Native American Painting and Drawing
The earliest widespread art form of imagery was rock art. The oldest styles from c. 8000 BC were
probably simple circular grooves and small pits or holes. Curvilinear abstract styles developed later.
In the Woodland region few early petroglyphs include human figures, but in the eastern Subarctic rock
paintings in red and petroglyphs include abstract and representational designs in equal numbers.
Many of those found on lake shores were obviously made by early Algonquians, whose historic
descendants continued to use the same imagery on other media.
Native American Rock Art, Utah Painted Plains Indian Shield
Polychrome rock painting, developed alongside simpler variants, was exclusive to the Southwest and
California. The earliest example is the Pecos River style of southern Texas (before c. AD 600), with
its monumental anthropomorphic figures carrying spear-throwers.
The closest iconographic similarities are found more than 1000 km away and several hundred years
later in the Barrier Canyon style associated with the Fremont culture of Utah. In the Southwest, the
Jornada style (c. AD 1000) of the Mogollon culture (c. AD 200–c. 1350) included a repertory of horned
masks, rectilinear human figures and ‘kachina blankets’ in a non-representational style similar to that
used on Mimbres pottery.
Early Membres Indian Pot
After c. 1300 the rock art of the Rio Grande Pueblo area was influenced by the Jornada style but
shows more rounded forms, and some masks are identifiable with those of historic kachinas (masked
beings who bring rain and protection.
Chumash Indian Rock Art
The polychrome rock paintings of the Santa Barbara style of (18th and 19th centuries) of the
California Chumash includes elaborate curvilinear and angular elements in abstract or highly
conventionalized anthropomorphic and zoomorphic designs. Recent archaeo-astronomical studies have
postulated solar and other astronomical significance for some of the designs.
Similarly, human and animal imagery, in red or black paint or incised, on rock faces in the Great Plains
shows a close relationship with later 19th-century Plains pictographic art on leather, canvas and paper.
Northwest Coast Native American Art
The iconography of this region forms a distinct tradition. One motif is known as ‘split representation’,
in which a face is formed by two confronting beings in profile. Another image results from the
atomizing or dismembering of several figurative elements, or ‘rearrangement of anatomical parts’. A
third motif, the ‘X-ray image’, portrays the essential but unseen internal structure of an animal or
Early Northwest Indian Thunderbird Painting Totem
All of these motifs may represent manifestations of a shamanic world view. They appear equally in
sacred and secular art and have a metaphoric quality that alludes to the ritual process of exchange in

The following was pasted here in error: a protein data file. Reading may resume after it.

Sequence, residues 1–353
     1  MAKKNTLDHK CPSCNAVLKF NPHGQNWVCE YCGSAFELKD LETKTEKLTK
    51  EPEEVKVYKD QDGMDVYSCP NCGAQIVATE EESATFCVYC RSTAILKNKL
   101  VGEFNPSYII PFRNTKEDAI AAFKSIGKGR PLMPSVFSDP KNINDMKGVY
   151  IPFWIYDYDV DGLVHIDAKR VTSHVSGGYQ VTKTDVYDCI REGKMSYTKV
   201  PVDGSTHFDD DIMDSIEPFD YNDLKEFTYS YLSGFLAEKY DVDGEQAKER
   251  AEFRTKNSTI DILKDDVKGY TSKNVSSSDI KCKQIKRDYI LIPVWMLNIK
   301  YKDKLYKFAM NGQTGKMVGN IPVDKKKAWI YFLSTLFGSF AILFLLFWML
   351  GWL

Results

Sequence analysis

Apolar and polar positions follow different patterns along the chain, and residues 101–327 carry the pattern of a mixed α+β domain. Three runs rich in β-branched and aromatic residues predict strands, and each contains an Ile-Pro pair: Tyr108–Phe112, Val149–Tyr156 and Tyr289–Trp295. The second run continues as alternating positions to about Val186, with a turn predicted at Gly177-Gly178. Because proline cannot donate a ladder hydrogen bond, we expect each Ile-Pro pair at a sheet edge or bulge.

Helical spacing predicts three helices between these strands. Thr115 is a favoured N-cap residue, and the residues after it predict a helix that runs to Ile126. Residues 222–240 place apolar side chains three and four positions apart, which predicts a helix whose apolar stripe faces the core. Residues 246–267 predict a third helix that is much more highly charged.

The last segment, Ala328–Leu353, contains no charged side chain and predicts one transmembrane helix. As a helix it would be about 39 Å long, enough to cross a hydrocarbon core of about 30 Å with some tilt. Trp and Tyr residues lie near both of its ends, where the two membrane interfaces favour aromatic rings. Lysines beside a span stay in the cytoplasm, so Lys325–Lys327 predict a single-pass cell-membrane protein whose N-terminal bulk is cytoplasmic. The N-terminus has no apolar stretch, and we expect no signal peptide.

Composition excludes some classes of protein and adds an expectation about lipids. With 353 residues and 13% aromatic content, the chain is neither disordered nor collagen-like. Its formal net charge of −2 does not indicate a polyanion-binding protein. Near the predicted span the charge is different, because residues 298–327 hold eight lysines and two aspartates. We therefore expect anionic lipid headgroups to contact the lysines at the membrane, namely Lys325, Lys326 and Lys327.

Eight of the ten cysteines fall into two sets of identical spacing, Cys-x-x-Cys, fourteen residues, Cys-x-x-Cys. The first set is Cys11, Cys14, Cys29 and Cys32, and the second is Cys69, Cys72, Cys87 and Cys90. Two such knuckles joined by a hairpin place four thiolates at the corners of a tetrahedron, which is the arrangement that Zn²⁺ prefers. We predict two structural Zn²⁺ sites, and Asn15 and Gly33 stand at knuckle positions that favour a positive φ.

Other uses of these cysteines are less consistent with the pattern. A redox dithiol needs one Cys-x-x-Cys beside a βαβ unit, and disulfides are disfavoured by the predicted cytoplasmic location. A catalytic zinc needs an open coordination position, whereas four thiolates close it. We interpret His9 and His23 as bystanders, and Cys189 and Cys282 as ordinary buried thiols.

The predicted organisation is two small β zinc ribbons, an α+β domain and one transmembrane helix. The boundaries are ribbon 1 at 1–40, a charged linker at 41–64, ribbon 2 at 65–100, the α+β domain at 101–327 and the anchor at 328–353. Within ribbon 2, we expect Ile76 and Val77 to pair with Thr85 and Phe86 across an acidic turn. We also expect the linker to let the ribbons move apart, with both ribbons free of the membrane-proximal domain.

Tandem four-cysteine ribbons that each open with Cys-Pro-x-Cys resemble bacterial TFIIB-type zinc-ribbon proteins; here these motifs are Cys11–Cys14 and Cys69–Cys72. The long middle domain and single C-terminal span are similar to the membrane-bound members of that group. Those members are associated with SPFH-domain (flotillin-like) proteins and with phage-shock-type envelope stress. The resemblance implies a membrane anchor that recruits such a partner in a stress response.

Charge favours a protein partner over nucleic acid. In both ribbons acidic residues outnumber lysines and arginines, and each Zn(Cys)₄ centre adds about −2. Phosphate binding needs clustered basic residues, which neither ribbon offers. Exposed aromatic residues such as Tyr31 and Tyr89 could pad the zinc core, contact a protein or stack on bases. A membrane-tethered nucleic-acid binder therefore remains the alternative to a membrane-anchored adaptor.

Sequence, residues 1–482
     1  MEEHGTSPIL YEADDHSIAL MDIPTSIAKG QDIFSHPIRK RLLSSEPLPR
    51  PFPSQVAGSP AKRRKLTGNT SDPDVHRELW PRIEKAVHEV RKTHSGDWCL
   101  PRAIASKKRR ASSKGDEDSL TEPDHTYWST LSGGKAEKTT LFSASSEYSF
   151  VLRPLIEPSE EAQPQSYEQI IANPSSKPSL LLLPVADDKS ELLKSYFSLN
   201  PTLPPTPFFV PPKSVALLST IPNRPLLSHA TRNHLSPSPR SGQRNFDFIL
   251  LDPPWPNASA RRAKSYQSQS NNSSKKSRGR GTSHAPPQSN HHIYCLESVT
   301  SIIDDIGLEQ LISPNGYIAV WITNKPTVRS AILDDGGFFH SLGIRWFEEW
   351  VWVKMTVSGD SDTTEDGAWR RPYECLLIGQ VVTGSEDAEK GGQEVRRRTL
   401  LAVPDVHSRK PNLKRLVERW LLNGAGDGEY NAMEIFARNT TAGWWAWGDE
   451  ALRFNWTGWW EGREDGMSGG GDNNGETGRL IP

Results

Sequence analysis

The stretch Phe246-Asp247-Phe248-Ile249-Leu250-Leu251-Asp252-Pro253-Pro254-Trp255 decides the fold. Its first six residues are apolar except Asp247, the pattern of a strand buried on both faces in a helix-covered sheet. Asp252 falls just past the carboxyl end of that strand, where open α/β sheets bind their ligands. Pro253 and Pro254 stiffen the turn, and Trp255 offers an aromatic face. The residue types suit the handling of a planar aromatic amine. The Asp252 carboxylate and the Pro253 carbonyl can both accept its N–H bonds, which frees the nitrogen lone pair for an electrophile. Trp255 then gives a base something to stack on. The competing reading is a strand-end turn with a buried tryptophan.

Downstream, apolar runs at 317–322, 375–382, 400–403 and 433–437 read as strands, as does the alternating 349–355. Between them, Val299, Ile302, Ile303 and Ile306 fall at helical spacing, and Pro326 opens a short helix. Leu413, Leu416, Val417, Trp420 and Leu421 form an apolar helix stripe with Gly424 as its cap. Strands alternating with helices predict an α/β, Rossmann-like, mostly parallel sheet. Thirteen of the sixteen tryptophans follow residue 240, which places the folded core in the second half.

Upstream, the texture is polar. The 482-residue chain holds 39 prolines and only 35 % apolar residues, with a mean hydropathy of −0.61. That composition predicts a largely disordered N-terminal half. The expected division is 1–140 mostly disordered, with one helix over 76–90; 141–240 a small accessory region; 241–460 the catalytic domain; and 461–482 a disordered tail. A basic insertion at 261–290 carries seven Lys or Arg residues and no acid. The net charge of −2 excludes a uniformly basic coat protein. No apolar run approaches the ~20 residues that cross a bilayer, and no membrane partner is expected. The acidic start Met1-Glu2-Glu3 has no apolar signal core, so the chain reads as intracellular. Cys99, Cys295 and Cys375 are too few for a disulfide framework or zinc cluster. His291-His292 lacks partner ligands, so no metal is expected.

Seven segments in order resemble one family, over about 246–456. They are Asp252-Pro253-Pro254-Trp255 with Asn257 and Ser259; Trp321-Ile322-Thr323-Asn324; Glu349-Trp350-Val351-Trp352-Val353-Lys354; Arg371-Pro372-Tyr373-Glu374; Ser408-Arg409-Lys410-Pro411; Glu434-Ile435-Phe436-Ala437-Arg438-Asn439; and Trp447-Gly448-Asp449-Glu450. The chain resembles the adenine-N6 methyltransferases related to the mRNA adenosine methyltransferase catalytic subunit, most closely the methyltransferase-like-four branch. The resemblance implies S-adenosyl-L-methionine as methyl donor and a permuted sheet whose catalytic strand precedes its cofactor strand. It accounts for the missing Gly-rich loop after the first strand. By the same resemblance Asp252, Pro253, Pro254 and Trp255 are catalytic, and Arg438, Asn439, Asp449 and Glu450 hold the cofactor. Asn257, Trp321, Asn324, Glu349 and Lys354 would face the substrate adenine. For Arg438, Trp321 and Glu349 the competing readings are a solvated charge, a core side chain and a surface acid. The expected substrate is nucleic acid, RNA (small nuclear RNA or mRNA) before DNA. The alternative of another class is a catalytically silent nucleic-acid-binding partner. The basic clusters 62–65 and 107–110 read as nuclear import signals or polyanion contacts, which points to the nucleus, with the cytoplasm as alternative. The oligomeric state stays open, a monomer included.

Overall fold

both sacred and secular spheres.
Southwestern Native American Art
In this region it is the prehistoric Mimbres painting tradition (c. AD 1000–c. 1200) that has most
influenced later Pueblo art. During its development the Mimbres style, a branch of the greater
Mogollon cultural tradition of southern New Mexico and north-west Mexico, borrowed heavily from
contemporary neighboring cultures, including Hohokam in eastern Arizona and Anasazi in northern
Arizona–New Mexico and southern Utah–Colorado.
The Classic Mimbres style on pottery comprised two distinct but interrelated types of subject-
matter: sophisticated, technically exacting geometric forms; and naive but realistic representations
of people, mammals, birds, reptiles, amphibians, fishes, insects and other invertebrates, various
composite beings and, more rarely, plants and artifacts.
Most unidentifiable animal subjects have features of two or more species, suggesting that the
paintings were deliberately unnatural. While some scholars attribute Mimbres figurative painting to
Mesoamerican influence (especially to Aztec and Maya religious beliefs, others insist that the
meanings of the representations are directly related to indigenous Pueblo Zuni myths, suggesting
continuity between archaeological past and ethnographic present.
1900 Hopi Painted Pottery
In the late 14th century Pueblo pottery decoration gradually changed to a flamboyant polychrome
style, but still often included birds, animals and people. Many of the figures resemble Kachinas.
During the 17th century European and Mexican shapes and designs were incorporated into Pueblo
pottery, and in the 1880s and 1890s new and old shapes and designs were combined to create what
may be termed a tourist or commercial style.
Navajo dry-painting or ‘sandpainting’ (with various ground minerals) represents a second Southwest
iconographic tradition. The Navajo were relative late-comers to the region (from c. 1500 or perhaps a
century earlier) and supposedly adopted the practice from the Pueblo peoples. Nevertheless, they
elaborated it into a flamboyant style and continue to use it, accompanied by recitations and songs, as
a central part of their curing ceremonies.